If we’re always listening, we’re always changing. Last year was a time of transformation for Circuit des Yeux‘s Haley Fohr, as she toured to support the self-released Overdue. After a solo set at the Hopscotch Music Festival in September left her questioning both the crowd’s intentions and her own, Fohr wrote, “I feel that I must arm myself with sound, with musicians, and take back what I feel has been stolen from me with an army of friends and supporters.” So after years of mostly going alone, In Plain Speech is Fohr’s invitation to change.
Like her friend and fellow Chicagoan Ryley Walker‘s recent Primrose Green, the songwriter and multi-instrumenalist surrounds herself with some of the city’s most creative — and, more importantly, most sympathetic — musicians on In Plain Speech: Cooper Crain (Cave, Bitchin Bajas), Whitney Johnson (Verma), Rob Frye (Bitchin Bajas), Adam Luksetich (Little Scream) and Kathleen Baird (Spires That In The Sunset Rise). It’s one thing to collaborate cold; it’s another to find colleagues who understand a vision and even help develop it.
What made records like Overdue and Portrait so compelling was raw intensity found in solitude, and with In Plain Speech, Fohr doesn’t so much dial back as refocus that intensity in arrangements that glide even as they exude delirious urgency. A palm-muted bass and rolling drums provide a disorienting helicopter rhythm to “Ride Blind” as Fohr richly intones, “Are you blind like me?” It becomes a swirling circus as Whitney Johnson’s viola swoops around Adam Luksetich’s fuzz bass and off-kilter snare hits, not to mention Fohr’s bewildering howl, which recalls ’60s free-jazz vocalist Patty Waters. The dreamlike “Dream Of TV” is Circuit des Yeux in instrumental mode, centered on the way Kathleen Baird’s looped flute curves the air with dizzying effects, taking advantage of a band that knows how to build to noisy euphoria.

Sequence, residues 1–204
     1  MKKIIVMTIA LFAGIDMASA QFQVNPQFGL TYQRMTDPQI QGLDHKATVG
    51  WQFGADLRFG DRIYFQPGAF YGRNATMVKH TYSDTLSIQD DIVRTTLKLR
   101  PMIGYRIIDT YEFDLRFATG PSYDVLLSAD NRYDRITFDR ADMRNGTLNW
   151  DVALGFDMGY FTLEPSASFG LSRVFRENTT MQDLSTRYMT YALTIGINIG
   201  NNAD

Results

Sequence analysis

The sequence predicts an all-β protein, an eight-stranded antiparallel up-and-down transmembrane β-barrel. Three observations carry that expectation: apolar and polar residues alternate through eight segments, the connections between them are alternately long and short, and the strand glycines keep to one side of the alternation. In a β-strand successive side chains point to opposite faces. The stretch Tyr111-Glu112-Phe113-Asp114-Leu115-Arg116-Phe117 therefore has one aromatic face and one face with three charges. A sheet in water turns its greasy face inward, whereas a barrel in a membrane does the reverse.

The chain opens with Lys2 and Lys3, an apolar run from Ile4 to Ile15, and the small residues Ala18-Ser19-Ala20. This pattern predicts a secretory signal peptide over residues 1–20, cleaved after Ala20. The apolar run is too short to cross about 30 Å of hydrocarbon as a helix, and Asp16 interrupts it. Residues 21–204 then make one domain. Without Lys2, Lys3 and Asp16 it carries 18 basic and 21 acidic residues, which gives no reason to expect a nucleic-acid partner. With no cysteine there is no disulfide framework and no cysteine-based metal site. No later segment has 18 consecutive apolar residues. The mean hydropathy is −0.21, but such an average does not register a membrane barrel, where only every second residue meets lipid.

But even as Fohr opens her studio to collaboration, In Plain Speech is at its most striking when she pares down to a trio. Built around samples from a Laotian ethnographic record, “Do The Dishes” is an arpeggiated meditation on the feminism of the everyday, a theme amplified in the powerful (and NSFW) music video. “There is something deep inside of you / Something that’s worth reaching into,” Fohr repeats as a mantra, repeats as truth, repeats as a challenge as she continues, “It makes me tremble / It makes me shake / It’s a risk I’m willing to take.” The cyclical samples reach a fever pitch with Johnson’s viola and come to a sudden stop, transitioning to Cooper Crain’s synth-droned denouement in a moment to reflect. “Fantasize The Scene” is Fohr at her most subdued, as it takes on the dark acoustic songs of her past and — with viola, bass and drums — gives it a moving body that sinks into a descending chord progression. “A Story Of The World” flutters with flute and bass clarinet, droning on a monochord like a Roy Harper acoustic epic of yesteryear.
Since 2008, Circuit des Yeux has been a singular entity, drawing from inner turmoil. But as Fohr recently told Impose, “I can’t afford solitude at this point in my life.” Looking outward at the world around her and the relationships that give her meaning, In Plain Speech is Fohr at her most composed and confident. It wanders while brimming with hope.